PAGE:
Saturday of the Second Week of Lent

A Lenten Renewal:
Reflections on the Mass readings in light of our daily lives
By Mother Marie Julie, SCMC

My Dear Good People,

 

I think if there were only one chapter in the Bible left in the whole world, I pray it would be this one. Luke Chapter 15.

 

There are many things that Jesus wanted to leave with us before He left this earth, but as I read the entire New Testament, what fills my soul is the incredible goodness of God for sinners.  It’s hard to understand how that can be. The sins we committed as a human race, the times we chose our own way instead of His, the coldness with which we have too often ignored His commands have only found Him running to us to bring us home. This is beautifully shown in the parable of the prodigal (reckless) son. It is after all one of the best remembered, most loved parables of Jesus. The details are so graphic that many movies, videos and poems have reworked this for us into contemporary tales of a loving father waiting for his son who eventually comes up the road hoping, at most, to be hired by his father as a servant in the household. But the father, who has been waiting, runs to him to embrace the son who had been lost (Lk 15:20).

 

If you go to you tube music and Google When God Ran, you’ll find many small video clips of the song. Look for those that have a kind of story played out between father and son. These are heartwarming visualizations of what the parable of the Prodigal Son might have looked like in real life. You’ll never read this chapter in the same way again. I recommend it especially for youth groups, Confirmation classes, etc.  Above all, it will touch your heart as you reflect on what it means to celebrate the Sacrament of Reconciliation (confession) and the freedom it brings.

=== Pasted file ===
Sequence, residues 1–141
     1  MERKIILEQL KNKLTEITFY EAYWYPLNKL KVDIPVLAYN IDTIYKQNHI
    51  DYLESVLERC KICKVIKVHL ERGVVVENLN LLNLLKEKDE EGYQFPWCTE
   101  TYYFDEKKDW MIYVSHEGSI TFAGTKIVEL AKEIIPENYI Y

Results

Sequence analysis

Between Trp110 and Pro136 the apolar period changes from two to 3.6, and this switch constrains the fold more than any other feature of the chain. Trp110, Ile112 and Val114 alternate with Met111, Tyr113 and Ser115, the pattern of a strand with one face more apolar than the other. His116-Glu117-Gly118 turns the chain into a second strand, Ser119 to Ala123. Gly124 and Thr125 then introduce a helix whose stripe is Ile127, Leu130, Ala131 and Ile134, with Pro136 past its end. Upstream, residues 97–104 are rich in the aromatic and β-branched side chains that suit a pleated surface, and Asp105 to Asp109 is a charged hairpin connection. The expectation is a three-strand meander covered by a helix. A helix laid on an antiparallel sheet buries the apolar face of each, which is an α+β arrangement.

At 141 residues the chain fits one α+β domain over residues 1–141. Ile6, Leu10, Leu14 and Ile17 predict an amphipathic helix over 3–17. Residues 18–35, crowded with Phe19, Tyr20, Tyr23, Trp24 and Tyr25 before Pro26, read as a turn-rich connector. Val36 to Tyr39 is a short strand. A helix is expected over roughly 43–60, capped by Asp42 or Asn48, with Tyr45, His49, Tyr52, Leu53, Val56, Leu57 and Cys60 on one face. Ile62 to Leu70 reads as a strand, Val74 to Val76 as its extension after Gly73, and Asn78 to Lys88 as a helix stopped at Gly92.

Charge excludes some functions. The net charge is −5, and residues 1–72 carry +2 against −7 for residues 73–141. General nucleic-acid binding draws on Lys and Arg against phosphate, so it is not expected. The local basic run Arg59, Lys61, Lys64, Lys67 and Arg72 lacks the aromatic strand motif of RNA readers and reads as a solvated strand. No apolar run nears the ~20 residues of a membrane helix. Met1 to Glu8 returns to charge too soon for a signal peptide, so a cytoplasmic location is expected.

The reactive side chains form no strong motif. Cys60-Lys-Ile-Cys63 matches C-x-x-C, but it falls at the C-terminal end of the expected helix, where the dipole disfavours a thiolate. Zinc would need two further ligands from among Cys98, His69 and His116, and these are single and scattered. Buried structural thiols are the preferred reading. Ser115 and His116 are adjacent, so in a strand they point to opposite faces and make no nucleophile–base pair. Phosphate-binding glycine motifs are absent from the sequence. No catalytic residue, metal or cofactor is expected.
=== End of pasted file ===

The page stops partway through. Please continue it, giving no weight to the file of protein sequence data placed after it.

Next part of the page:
I spoke with a nurse today in our small local hospital who said she will be working this weekend at the vaccination clinic they have set up there. She told me they have 1600 appointments for Saturday and Sunday! And this is hardly a booming metropolis! I couldn’t help thinking wistfully about how wonderful it would be if we all desired the Sacrament of Reconciliation this Lent with the same fervor we Americans have about getting our Covid-19 vaccination in the next few weeks. If only more people could think of the safe embrace of love for our soul that the Sacrament offers us, with the same longing they think of the safety that vaccination will give them for their body. How the Heart of the Father would rejoice, and what peace of soul we would all experience, knowing that our God has been waiting for us and comes running to meet us as we enter the Reconciliation  room.

 

Today I’ll pray that 1600 souls will enter the Confessional this weekend.  Do you want to join me?

 

God bless your Lenten Saturday.

 

 

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“With Mary, our lives continually proclaim the greatness of the Lord and the joy experienced in rendering service to Him.”

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